The potential for carbon sequestration in Non-Annex 1 countries is especially relevant, as Article 3 of the Kyoto Protocol makes provision for Annex 1 countries to offset domestic CO2 emissions by implementing afforestation and reforestation projects in Non-Annex 1 countries. In specific NonAnnex 1 countries considerable potential for carbon sequestration in forests has been assessed. Sathaye and Ravindranath (1998) suggest that in 10 tropical and temperate countries in Asia 300 million hectares may be available for diverse forest management strategies and that afforestation or plantation projects could increase carbon stocks by 70-100 t C/ha in many places. Specifically commercial timber forestry in Indonesia and India could increase carbon stocks by 165 and 120 t C/ha, respectively.
In 2001 a special report of the IPCC was prepared to provide a state-of-the-art assessment of the global potential for carbon sequestration strategies relevant to land use, land-use change and forestry (Watson et al., 2000). This assessment concluded that global carbon sequestration in terrestrial ecosystems of 1.2-1.5 Pg C/year was possible by 2010. Carbon sequestration in above- and belowground biomass as a consequence of afforestation and/or reforestation projects accounted for 0.2-0.6 Pg C/year; of this estimate, improved management practices within a given land use resulted in an additional 0.57 Pg C/year and land-use change of 0.44 Pg C/year. By 2050 a cumulative increase in carbon stocks in terrestrial ecosystems of up to 100 Pg C was assessed as possible - a sequestration equivalent to ~10-20% of projected fossil fuel emissions during that period. A recent study by Cannell (2003) concluded that increasing terrestrial carbon sinks and biomass energy substitution could sequester 0.2-5 Pg C/year, with 5 Pg C/year considered the theoretical maximum achievable and 0.2 Pg C/year the most conservative actually achievable estimate.
Problems associated with managed carbon sequestration
The expansion of forestlands and decreases in rates of deforestation are considered win-win options, in that they not only increase carbon sequestration but should result in a number of key ecological improvements, including preservation of biodiversity, protection of top soils and watersheds (Schulze et al., 2002). However, there is concern that particular management options may ultimately prove to be less carbon-sound than others; indeed there is the danger that some may not result in a net increase in carbon sequestration. Most, if not all, these concerns have been central to the drafting of the protocols for the inclusion of biological sinks into the Kyoto Protocol. Sanz et al. (2004) describe both the 'loophole' argument, where biological sinks are seen as a way of doing little to reduce industrial emissions, and the 'floodgates' argument, whereby scientific and technical limitations to assessing carbon sequestration could allow for inflated claims of carbon sequestration. Fundamental to the success of carbon sequestration projects is ensuring the 'permanence' of carbon sinks, the 'addition-ality' of carbon sequestration over and above what would have occurred naturally and the protection against 'leakage', whereby a project to increase carbon storage in one location increases carbon release in another, while at the same time removing apparent 'perverse incentives' to clear off old-growth forests and replace them with a fast-growing tree species. This latter concern arises from the lack of protection towards old-growth forests in the Kyoto Protocol (Schulze et al., 2003).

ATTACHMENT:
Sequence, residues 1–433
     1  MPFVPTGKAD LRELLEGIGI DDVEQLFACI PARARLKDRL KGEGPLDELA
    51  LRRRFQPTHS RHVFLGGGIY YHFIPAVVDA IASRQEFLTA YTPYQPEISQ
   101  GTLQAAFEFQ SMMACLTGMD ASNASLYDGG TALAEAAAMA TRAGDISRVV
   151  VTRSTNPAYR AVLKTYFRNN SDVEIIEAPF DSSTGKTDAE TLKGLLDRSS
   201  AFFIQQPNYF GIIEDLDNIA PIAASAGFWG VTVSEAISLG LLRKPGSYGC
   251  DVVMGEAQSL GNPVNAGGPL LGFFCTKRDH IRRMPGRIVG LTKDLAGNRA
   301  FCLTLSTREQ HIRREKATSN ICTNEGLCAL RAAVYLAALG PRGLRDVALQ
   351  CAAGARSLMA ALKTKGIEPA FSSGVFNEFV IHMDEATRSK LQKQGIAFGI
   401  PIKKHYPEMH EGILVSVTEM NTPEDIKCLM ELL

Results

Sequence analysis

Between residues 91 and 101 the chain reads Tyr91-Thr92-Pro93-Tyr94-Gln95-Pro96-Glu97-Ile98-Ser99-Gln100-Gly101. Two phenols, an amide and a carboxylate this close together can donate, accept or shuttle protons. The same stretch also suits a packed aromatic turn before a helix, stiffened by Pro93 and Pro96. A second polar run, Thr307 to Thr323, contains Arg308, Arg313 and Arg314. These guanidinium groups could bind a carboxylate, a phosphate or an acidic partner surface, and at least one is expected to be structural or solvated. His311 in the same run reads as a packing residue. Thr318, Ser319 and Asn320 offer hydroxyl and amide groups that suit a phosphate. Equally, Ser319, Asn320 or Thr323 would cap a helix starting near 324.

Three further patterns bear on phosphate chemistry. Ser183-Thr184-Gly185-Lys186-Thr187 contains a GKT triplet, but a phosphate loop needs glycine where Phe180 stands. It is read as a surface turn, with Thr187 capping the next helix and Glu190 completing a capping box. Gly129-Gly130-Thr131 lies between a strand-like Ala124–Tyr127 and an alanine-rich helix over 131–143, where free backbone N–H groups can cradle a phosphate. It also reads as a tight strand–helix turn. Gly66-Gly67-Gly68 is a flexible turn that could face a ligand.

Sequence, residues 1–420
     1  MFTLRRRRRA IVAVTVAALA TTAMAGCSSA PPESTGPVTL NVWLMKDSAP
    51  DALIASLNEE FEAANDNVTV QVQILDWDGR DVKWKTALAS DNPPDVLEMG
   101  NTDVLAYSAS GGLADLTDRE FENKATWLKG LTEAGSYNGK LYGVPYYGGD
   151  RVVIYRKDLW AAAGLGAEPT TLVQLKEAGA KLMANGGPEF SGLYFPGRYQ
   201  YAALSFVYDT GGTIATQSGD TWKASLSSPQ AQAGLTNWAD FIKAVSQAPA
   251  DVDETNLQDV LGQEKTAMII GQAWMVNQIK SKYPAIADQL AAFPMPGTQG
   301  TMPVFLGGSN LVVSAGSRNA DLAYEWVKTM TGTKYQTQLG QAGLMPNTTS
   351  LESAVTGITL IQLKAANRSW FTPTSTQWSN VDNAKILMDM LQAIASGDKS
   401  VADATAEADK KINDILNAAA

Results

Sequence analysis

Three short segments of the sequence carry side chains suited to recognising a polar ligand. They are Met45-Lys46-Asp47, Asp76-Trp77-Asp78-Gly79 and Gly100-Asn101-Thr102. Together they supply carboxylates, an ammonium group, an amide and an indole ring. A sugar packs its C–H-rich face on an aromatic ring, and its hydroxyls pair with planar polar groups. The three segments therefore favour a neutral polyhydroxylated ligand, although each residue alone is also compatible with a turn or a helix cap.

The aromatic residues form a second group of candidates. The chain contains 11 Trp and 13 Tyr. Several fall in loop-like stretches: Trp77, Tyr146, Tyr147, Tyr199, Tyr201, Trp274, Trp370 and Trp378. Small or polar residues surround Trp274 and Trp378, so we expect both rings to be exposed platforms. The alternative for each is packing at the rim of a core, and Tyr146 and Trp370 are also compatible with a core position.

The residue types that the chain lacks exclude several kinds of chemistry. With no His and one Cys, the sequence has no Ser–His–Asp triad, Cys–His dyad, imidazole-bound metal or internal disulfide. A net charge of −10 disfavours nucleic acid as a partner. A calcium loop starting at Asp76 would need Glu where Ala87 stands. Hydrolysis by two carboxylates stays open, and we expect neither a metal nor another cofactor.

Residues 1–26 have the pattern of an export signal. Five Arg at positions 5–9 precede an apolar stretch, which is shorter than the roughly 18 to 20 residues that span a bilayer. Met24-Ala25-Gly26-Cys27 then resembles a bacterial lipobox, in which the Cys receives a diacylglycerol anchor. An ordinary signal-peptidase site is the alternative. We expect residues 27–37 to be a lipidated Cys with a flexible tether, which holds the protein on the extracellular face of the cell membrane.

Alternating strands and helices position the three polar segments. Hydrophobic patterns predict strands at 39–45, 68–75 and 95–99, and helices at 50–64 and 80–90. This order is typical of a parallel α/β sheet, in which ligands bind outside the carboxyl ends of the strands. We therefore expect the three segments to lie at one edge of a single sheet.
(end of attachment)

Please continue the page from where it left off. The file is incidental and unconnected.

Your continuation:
A final concern is the need for complete carbon accounting over the complete lifetime of a project as well as knowledge of the ultimate use of the carbon pools, not just increases in aboveground biomass. The dangers of a narrow focus on wood production rather than complete carbon accounting are clearly illustrated in a recent study by Deckmyn et al. (2004), who modelled carbon sequestration for two different afforestation projects, initiated on agricultural land. They demonstrated that while NPP and wood production of a short-rotation poplar coppice (SRC) was much higher than that for an oak-beech forest (OBF), complete accounting after 150 years revealed that carbon stored in all carbon pools in the OBF was double that of the SRC. However, even though wood produced in the OBF was used for much longer-lived wood products, that from the poplar plantation substituted for fossil fuels, which ultimately resulted in a fourfold higher mitigation potential for the SRC of ~26 t CO2 ha/ year. Complete carbon flux accounting over the life of a project also requires appreciation of the carbon costs of all components of the project. It has been argued that the carbon costs of applications of water or fertilizer on forests to increase productivity could offset the increase in carbon sequestration that they yield, due to the carbon costs of production and application (Schlesinger, 1997). Care must also be taken that application of fertilizer or irrigation does not trigger oxidation of soil carbon stores by microbes whose activity is also water- or nitrogen-limited.